On 7 August 2020, in Adaz Nominees Pty Ltd v Castleway Pty Ltd  VSCA 201, in a 2:1 decision (Whelan JA & Riordan AJA in a joint judgment and McLeish JA dissenting), the Victorian Supreme Court of Appeal said “No” in an interesting decision about the ambit of implied terms of co-operation in contracts.
The Respondent, Castleway had been contracted to provide on-going property development and management services to the Rado group of companies of which the Appellant, Adaz Nominees was a part. There was a personal and professional falling out between the parties, litigation ensued and then a series of court decisions.
Castleway’s remuneration was entirely dependent upon the level of profit earned by the group out of the developments. In one year, prior to calculating profit, Adaz Nominees donated $20m of a potential profit of $40m, to an associated company, a recently formed charitable foundation. This reduced Castleway’s entitlement to remuneration by $8m. The group had made annual donations of around $25k but never $20m.
The implied duty of co-operation in contract
- The common law has long accepted an implied duty of co-operation in contract.
- In Australia, the law now recognizes both a general duty to do all things necessary to enable the other party to have the benefit of the contract and a negative covenant not to hinder or prevent the fulfillment of the purpose of the express promise made in the contract.
- Where a term is implied by law, it is constrained by the criterion of necessity and must relate to bringing about something required by the contract.
- The test is whether without the term “ ‘the enjoyment of the rights conferred by the contract would or could be rendered nugatory, worthless, or, perhaps, be seriously undermined’ or the contract would be ‘deprived of its substance, seriously undermined or drastically devalued’” .
- It is not a general duty to act in the other party’s best interests and is constrained by the express terms of the contract. So, such a duty cannot turn a non-exclusive license into an exclusive one. Further the implied duty to co-operate is said to be ‘conditioned’ by the concept of reasonableness.
Differences between the Majority and Minority decisions
- All three judges accepted that implied terms of co-operation can exist. Where they diverge was in their analysis of the notion of ‘the benefit of the contract’ and more indirectly on how they treated evidence regarding previous levels of charitable donation.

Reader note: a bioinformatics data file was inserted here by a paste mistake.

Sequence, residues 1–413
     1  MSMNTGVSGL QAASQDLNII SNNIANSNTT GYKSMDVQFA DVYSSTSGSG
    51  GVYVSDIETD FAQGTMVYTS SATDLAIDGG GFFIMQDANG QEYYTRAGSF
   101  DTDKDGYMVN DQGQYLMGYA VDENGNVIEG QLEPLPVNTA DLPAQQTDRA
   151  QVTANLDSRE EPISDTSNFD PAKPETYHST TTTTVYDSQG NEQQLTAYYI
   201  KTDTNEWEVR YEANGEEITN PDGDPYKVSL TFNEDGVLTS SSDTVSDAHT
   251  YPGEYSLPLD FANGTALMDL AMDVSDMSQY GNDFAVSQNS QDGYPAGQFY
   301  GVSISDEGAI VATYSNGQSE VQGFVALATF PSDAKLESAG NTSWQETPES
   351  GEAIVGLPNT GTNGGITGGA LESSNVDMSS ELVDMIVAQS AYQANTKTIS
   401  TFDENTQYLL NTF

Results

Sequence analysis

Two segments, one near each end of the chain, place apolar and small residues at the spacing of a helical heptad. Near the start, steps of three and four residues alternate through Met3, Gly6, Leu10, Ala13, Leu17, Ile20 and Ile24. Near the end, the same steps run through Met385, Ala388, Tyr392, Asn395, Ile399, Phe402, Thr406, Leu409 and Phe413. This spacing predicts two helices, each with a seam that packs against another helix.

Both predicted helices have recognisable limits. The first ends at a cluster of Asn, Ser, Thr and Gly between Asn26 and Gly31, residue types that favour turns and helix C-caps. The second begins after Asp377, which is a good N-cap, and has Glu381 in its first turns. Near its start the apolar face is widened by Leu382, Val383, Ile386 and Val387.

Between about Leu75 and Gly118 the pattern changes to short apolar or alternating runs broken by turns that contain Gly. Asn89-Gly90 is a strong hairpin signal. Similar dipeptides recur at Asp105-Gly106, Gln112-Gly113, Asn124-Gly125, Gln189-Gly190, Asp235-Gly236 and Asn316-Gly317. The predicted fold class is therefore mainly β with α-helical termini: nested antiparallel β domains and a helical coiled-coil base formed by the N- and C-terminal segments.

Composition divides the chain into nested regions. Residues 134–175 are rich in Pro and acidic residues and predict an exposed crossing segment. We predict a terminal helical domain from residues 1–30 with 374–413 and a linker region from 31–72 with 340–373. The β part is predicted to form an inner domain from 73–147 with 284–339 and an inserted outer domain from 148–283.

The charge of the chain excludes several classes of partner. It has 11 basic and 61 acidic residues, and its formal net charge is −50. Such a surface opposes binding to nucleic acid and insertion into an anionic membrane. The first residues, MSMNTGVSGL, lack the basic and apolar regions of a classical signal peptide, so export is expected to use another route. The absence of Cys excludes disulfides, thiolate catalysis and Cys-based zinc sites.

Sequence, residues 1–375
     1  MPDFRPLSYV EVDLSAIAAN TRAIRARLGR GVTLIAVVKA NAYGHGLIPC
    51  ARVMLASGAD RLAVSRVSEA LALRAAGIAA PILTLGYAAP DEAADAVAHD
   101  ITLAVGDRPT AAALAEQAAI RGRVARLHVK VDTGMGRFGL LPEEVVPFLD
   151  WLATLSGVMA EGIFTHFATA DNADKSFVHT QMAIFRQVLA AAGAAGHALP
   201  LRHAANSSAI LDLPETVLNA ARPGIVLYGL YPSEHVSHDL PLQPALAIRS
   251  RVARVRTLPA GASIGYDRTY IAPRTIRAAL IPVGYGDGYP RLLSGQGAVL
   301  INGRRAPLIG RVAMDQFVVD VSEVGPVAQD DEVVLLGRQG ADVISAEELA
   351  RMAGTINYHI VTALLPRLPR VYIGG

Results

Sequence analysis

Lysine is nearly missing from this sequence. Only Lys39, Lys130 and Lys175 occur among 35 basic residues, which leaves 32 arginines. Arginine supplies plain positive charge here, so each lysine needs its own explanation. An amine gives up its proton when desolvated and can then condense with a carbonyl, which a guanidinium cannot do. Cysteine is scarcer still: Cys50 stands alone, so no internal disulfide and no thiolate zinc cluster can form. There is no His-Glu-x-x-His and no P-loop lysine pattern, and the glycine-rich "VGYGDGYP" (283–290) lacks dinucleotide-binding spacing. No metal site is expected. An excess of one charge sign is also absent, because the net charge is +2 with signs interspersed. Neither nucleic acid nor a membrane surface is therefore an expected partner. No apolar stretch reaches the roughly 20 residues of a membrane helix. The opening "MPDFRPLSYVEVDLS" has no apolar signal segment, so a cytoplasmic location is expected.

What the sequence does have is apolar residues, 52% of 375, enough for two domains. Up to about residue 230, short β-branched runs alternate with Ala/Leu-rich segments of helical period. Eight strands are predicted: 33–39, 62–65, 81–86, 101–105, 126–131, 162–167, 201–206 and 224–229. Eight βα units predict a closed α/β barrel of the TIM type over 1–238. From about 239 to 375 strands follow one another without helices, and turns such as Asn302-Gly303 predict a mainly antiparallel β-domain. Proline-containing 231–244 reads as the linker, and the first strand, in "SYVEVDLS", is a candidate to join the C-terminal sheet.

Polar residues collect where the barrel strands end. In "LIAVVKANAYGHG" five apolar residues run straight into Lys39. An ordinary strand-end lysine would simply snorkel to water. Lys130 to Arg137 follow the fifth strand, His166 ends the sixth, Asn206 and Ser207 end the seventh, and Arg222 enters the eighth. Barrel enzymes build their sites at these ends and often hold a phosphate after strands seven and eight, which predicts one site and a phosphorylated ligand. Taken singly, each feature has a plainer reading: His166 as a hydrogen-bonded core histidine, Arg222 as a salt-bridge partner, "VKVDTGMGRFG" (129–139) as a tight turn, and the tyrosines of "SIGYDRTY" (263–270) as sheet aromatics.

- Further McLeish JA (dissenting) placed more weight upon the distinction between the notion of the ‘benefit of the contract’ and that of its ‘commercial purpose’ or ‘the intentions of the parties as manifested by the contract itself’. For McLeish JA, the critical issue was what had been promised. Necessity should not be replaced by desirability.
- McLeish JA also noted that the law is unsettled regarding an implied term not to seriously undermine or drastically devalue the other party’s contractual benefit. Such a duty could exist but cannot be used to support a benefit “which the contract does not require to be provided” .
- On the benefit of the contract, the majority placed weight on the fact that Castleway’s remuneration was entirely dependent upon Group profit. The donation “ ‘seriously undermined’ and ‘drastically devalued’ the benefit for which Castleway had contracted for”. Without the implied term, Castleway’s entitlement to remuneration would be rendered ‘nugatory’ or worthless’ and ‘deprive it of substance’.
- In contrast, McLeish JA noted that as soon as it is accepted that the assessment of Group profit under Castleway’s contract includes non-project expenses, the implied term contended for falls away. This is because it requires implying underlying terms that the parties agreed to maximize Group profit and that they would work toward maximizing profit in project work. Such terms could not be implied because they were contrary to the express term that the Group retain sole authority to determine its own management, operations and policies.
- McLeish JA also disagreed that the donation ‘seriously undermined’ or ‘drastically devalued’ the benefit Castleway had contracted for. Here the contractual benefit was that the remuneration formula be applied which took place and Castleway did earn remuneration in that year. The donation was simply an expense.
- McLeish JA also noted the earlier donations and thought that the capacity to make such donations militated against an implied term to minimize project expenses.
- In contrast, the majority noted the donation was unprecedented and extraordinary and later said; “At the risk of laboring the obvious, the express promises in the PDSA regulate a profit making venture. They do not regulate a charitable undertaking”.
- To put matters beyond doubt, where earnings are assessed based upon net profit, it would be prudent to exclude charitable donations beyond a stated amount from allowable deductions.
- These implied terms go only to what is necessary to enable a party to get the benefit of the contract with ‘benefit’ being considered in the context of what the parties agreed to do, not what their hopes or desires might have been. So turning a non-exclusive license into an exclusive one is not was what agreed but ensuring that remuneration is assessed by reference to the usual business deductions and not large charitable donations may be regarded as part of the contractual matrix.
This article is for general information purposes only and does not constitute legal or professional advice. It should not be used as a substitute for legal advice relating to your particular circumstances. Please also note that the law may have changed since the date of this article.